quire

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quire

[kwīr]
(materials)
Twenty-five sheets of paper, or one-twentieth of a 500-sheet ream.
McGraw-Hill Dictionary of Scientific & Technical Terms, 6E, Copyright © 2003 by The McGraw-Hill Companies, Inc.
References in periodicals archive ?
Quiring hopes to add a Friday night show possibly in February of March
"I'm happy to see this area so receptive to the comedy club as a real comedy club and not just a bar," Quiring said.
Quiring has lived all his life in various Eastern Washington towns, but said he likes the Wenatchee area the best because of its beautiful surroundings and community appeal.
After a generous orientation to his theoretical scaffolding, Quiring turns his attention to Richard III and to analogs of the curse (e.g., excommunication, oath, prophecy) in the first chapter, which comprises nearly half of the book.
Interpreting King John as a "display of hollowness" in which concepts such as history and sovereignty are emptied of their significance (163), Quiring begins his brief second chapter.
Turning his attention to the broader implications of his study in the remaining pages, Quiring proposes, among other claims, that the curse is a major factor in the constitution of the modern subject.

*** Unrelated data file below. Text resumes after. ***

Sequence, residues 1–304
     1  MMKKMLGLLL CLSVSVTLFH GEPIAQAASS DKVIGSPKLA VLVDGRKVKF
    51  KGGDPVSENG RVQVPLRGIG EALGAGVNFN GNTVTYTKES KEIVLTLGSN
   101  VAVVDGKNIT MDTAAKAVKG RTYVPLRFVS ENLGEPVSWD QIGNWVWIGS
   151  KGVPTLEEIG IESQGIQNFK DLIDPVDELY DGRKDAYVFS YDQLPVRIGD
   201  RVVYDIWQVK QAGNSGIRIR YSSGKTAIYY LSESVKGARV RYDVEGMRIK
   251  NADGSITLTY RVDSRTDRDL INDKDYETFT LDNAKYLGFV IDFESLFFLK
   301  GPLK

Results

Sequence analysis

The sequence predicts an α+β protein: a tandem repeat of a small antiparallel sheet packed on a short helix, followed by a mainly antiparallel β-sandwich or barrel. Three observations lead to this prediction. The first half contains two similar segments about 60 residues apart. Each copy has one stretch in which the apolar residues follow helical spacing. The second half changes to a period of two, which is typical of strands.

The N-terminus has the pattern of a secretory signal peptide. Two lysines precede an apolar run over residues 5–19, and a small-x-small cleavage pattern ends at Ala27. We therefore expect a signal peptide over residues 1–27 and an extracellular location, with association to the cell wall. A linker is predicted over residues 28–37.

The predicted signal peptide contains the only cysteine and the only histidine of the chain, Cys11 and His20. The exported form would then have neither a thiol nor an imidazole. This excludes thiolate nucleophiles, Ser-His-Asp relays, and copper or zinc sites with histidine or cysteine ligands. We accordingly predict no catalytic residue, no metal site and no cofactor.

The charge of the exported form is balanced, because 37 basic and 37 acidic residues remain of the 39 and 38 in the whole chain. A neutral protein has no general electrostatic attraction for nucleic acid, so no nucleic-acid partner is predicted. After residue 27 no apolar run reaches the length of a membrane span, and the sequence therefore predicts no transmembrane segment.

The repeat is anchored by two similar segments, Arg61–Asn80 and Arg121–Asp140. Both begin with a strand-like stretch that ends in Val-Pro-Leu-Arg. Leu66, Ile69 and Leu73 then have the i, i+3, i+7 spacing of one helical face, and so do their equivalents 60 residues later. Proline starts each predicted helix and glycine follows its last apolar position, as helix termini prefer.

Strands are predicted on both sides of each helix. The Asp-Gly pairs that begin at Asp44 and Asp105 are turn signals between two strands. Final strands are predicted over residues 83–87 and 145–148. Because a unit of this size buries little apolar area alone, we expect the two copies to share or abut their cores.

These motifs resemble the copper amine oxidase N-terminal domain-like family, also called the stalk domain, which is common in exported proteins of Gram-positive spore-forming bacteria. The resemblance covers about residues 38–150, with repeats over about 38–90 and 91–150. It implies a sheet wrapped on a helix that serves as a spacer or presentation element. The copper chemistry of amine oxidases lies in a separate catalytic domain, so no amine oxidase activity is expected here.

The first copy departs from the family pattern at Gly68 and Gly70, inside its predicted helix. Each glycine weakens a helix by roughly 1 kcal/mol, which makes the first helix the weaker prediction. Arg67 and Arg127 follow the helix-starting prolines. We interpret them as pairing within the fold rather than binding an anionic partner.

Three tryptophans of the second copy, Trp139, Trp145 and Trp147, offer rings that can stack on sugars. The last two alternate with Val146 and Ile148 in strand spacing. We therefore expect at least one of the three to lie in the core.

Quiring speaks of the paradoxical nature of the curse.
What is particularly interesting is Quiring's connection of the curse to Schmitt's (1985) and Agamben's (2008) state of exception, but the curse can also be an instrument of power in the hands of authority.
With these new instructions in hand, Quiring, Wilms and Dyck moved quickly.
Many of these were harsh, demanding and caustic, and played a role in causing some village soviet chairmen to quit their jobs, as is evident from this directive that Quiring, Wilms and Dyck circulated to the Khortitsa village Soviets in February 1930: ...
Though Quiring interviewed about two dozen northern and government individuals, archive documents override these voices.
The global uranium market, new uses for timber previously viewed as low grade, fleeting hydro power and water export possibilities, greased with federal government funding until the mid 1970s, made the North economically attractive in a way it could not be during the time dealt with in Quiring's book.